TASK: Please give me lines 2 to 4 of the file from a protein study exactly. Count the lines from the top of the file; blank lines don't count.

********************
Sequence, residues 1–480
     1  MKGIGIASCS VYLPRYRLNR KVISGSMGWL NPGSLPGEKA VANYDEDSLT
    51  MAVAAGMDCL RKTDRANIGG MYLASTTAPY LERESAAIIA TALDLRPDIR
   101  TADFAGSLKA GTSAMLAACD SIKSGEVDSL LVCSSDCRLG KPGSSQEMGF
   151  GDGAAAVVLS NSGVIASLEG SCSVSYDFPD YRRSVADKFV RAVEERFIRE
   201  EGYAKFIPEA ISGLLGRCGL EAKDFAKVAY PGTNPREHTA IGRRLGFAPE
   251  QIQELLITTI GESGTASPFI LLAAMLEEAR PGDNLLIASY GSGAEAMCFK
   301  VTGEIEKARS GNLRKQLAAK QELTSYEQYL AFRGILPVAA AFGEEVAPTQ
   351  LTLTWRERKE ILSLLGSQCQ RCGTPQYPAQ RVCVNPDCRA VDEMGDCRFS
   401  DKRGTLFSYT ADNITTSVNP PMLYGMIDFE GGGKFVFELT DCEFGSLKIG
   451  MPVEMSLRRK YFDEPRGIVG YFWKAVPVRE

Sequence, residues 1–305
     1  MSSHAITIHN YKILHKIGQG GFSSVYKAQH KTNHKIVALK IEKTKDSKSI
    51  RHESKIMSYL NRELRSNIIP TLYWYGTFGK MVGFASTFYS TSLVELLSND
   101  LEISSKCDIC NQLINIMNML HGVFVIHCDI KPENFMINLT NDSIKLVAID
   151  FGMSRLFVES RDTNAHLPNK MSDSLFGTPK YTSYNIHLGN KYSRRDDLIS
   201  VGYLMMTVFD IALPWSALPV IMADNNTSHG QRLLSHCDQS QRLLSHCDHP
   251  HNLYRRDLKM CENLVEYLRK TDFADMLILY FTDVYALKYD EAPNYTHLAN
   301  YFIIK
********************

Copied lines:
     1  MKGIGIASCS VYLPRYRLNR KVISGSMGWL NPGSLPGEKA VANYDEDSLT
    51  MAVAAGMDCL RKTDRANIGG MYLASTTAPY LERESAAIIA TALDLRPDIR
   101  TADFAGSLKA GTSAMLAACD SIKSGEVDSL LVCSSDCRLG KPGSSQEMGF